Figure 1: Workflow of NIKS. | Nature Biotechnology

Figure 1: Workflow of NIKS.

From: Mutation identification by direct comparison of whole-genome sequencing data from mutant and wild-type individuals using k-mers

Figure 1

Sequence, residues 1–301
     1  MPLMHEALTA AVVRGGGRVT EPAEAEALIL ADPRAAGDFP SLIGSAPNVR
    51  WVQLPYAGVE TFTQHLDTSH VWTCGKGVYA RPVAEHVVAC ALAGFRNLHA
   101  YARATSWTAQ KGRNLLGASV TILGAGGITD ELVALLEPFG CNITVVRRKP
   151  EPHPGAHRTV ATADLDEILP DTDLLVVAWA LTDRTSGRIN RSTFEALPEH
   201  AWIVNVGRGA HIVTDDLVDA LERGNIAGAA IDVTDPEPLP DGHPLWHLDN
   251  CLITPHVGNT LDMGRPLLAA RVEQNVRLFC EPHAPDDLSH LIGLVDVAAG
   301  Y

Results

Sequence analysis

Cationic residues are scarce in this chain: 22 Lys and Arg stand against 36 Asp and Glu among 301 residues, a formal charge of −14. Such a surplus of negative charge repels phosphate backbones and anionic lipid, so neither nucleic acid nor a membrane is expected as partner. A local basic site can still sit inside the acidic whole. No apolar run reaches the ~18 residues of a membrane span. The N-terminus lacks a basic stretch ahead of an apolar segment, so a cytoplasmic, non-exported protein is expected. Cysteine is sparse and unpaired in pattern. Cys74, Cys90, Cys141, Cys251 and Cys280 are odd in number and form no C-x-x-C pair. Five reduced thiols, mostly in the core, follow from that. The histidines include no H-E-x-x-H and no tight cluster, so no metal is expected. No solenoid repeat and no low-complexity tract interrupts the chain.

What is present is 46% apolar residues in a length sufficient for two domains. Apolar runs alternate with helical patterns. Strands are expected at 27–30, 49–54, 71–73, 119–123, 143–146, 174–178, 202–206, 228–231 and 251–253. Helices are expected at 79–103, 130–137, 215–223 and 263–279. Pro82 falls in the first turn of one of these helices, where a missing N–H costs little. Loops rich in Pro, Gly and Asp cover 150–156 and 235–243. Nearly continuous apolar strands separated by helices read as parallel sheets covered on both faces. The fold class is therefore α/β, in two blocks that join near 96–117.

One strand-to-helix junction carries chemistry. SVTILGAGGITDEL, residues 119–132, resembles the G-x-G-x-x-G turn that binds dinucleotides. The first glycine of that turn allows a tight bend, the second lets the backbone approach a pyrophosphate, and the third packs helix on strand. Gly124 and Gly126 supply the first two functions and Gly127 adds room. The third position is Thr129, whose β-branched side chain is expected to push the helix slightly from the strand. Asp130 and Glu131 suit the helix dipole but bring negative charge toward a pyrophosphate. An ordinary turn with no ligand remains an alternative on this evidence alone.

Whole-genome sequencing data of two related genomes is analyzed for the frequency of all k-mers. K-mer frequency histograms provide the power to distinguish between native k-mers (area highlighted in gray) and k-mers overlapping with sequencing errors. Comparing the two sets of k-mers of two highly related genomes discloses sample-specific, overlapping k-mers that result from subtle differences between the genomes. These sample-specific k-mers are then merged to a seed if they can be paired with a homologous, but not identical, seed in the other sample. Read pairs that share at least one k-mer with a seed pair will be used for local assemblies. This results in contigs that are centered on the mutated sites.

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